Let’s Do Dinner

Photography by RACH LOVES TROY PHOTO + CINEMA

Pro tips to distinguish your rehearsal dinner from the big day

As the adage goes, eat, drink and be married. And while the emphasis is certainly on the married part, food and drink are undeniably important when it comes to hosting a Lowcountry wedding. In a region known for its mouthwatering, homestyle cooking, you’ll likely want to showcase coastal cuisine and hospitality at your rehearsal dinner and wedding dinner alike. But how do you create two separate yet personalized experiences that don’t leave your guests feeling déjà vu?

We’re bringing you tips and tricks from the experts to help differentiate the rehearsal dinner from the wedding day feast while charming your guests, Southern style.

Photography by BROOKE ROBERTS PHOTOGRAPHY
An inviting, casual atmosphere complete with Lowcountry flair — and fare — sets the tone for a memorable rehearsal dinner.
Photography by LAUREN JONES

The Rehearsal Dinner

It’s easy to get overwhelmed by the pressure of hosting a picturesque rehearsal dinner to kick off your wedding festivities. Luckily, you don’t need a packed guest list, dazzling venue or a four-course meal. When it comes to planning a rehearsal meal, says Danielle Voight, owner and lead designer of Design Studio South, sometimes less is more.

“I would advise couples to let it be more relaxed and let the wedding be the main event,” says Voight, noting that otherwise, “it’s easy for your rehearsal dinner to add up to the same cost as your wedding.”

Opt for casual, family-style fare to keep costs down without skimping on Southern style. “A lot of people go for the Savannah-themed Lowcountry boil [at the rehearsal dinner] because they’re not going to get that at the wedding dinner,” says Brandon Mell, owner of B Local Catering. Like Mell, Sophie Longwater of Dapper Event Co. also suggests making the most of the coastal atmosphere. “Since we’re in Georgia, I love a Lowcountry boil on the marsh, wood-fired pizza in a backyard or even renting out a rooftop bar for a rehearsal dinner,” she says. A Southern selection is crowd-pleasing, but couples can add even more of an authentic touch by leaning on the local food scene. “We suggest Leopold’s Ice Cream or River Street Sweets [for dessert], for instance,” says Kim Chambless of The DeSoto Savannah. It’s a way to indulge “and have a little fun with the menu.”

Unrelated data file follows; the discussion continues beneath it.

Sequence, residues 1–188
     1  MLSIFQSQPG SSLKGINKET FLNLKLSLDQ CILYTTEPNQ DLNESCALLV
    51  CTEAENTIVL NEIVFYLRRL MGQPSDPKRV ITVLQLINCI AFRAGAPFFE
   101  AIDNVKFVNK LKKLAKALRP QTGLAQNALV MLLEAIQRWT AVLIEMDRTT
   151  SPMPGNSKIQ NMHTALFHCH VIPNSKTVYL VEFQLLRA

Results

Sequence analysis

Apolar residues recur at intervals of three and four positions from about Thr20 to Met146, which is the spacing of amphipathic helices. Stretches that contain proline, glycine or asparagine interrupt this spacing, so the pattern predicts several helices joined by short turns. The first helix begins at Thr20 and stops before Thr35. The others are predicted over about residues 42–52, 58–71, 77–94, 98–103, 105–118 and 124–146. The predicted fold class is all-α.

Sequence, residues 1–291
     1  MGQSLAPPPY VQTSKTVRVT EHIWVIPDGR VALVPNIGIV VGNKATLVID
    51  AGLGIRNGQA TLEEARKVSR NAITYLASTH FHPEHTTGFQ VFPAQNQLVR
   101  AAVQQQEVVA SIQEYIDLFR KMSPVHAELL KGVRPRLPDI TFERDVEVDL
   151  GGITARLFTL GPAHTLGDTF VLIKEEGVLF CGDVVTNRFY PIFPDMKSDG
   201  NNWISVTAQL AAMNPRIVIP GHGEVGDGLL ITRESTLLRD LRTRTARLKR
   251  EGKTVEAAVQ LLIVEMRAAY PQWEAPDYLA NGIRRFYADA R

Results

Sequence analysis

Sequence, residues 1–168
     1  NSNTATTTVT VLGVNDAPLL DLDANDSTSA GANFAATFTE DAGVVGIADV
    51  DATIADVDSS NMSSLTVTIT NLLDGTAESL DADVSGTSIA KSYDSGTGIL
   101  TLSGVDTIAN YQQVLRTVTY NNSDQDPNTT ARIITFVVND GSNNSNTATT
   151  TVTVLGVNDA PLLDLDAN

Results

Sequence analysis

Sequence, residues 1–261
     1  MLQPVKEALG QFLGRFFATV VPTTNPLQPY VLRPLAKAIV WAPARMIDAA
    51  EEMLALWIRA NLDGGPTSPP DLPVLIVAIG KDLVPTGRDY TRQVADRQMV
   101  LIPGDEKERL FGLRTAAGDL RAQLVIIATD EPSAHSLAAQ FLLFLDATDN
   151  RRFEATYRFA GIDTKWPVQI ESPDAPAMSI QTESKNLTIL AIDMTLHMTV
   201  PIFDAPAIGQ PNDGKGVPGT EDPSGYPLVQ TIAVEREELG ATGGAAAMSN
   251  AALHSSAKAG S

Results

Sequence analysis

If you crave something more sophisticated, don’t fret. Katherine Hankey, co-owner of Current Catering, offers another method that marries modernity with a boozy, Southern pastime. “A cocktail party-style rehearsal with nods to places the couple has traveled through the lens of the season is fun,” Hankey says, “and you can be a little more forward-thinking with the food items.”  

Photography by MARK WILLIAMS STUDIO

The Big Day

The wedding meal says a lot about a couple, whether culturally, symbolically or simply as a matter of taste. Fortunately,  there are plenty of ways to mesh seasonally appropriate foods and regionally inspired cuisine with a bride’s and groom’s personal palates.